quote:I think the problem is that there is so much money in college football that the standards for graduate school would be reduced or fudged to keep athletes eligible.
I have written to NCAA president Mark Emmert and other prominent figures, encouraging them to consider extending more years of eligibility to student athletes who achieve the academic success necessary for continuing in graduate school. Typically, this is a 3.0 GPA and some expectation of excellence in a given field.
Do you really think that a student can put forth the time and effort needed to pursue a solid graduate degree while spending so many hours in pursuit of football?
And isn't it more likely that colleges will create some "dummy" graduate degree programs of questionable value at best that will allow them to retain athletes longer?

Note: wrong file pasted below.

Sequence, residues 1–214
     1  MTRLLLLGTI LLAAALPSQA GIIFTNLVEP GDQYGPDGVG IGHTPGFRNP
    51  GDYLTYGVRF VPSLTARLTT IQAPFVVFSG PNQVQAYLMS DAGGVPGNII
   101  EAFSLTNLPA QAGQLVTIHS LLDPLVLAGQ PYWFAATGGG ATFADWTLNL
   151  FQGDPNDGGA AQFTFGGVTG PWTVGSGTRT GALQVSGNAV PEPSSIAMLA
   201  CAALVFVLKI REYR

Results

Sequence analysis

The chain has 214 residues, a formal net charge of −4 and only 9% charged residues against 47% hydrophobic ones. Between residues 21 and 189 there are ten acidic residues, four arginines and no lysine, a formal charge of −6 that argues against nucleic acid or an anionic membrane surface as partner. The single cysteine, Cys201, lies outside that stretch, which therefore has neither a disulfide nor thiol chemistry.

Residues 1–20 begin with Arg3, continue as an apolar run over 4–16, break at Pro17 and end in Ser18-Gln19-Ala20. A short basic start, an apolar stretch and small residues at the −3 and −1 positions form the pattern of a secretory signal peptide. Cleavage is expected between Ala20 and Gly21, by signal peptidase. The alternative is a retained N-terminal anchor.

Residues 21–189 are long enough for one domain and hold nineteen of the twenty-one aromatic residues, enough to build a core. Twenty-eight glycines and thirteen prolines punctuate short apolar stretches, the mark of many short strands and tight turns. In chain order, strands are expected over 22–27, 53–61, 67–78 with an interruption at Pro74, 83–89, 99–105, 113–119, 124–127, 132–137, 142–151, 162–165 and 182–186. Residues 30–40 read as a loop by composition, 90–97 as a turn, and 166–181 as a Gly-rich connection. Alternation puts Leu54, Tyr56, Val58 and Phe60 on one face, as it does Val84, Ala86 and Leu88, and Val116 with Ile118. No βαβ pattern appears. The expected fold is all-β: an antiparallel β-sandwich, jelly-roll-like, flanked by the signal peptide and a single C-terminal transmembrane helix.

a seven year starter on a football team who finishes school with a PHD, a star player who changes schools and finishes a BA and a PHD and two athletic careers, students in less popular sports who get to participate in sports longer and get an advanced degree.
With the exception of MBA's, JD's, and MD's almost all graduate students are funded; that is, they get a scholarship for tuition and a stipend as a GRA or GTA. Each department only has so many GRA or GTA lines. If an extra grad student shows up in a particular department that does not reguire departmental funding, they would be welcomed because they would increse the department's number of grad students. Graduate classes usually require 5 students to "make", therefor extra student are helpful to a department.
The class load for grad students is usually 2-4 classes per semester and research projects could often be scheduled for off-season and summer. They could handle the workload.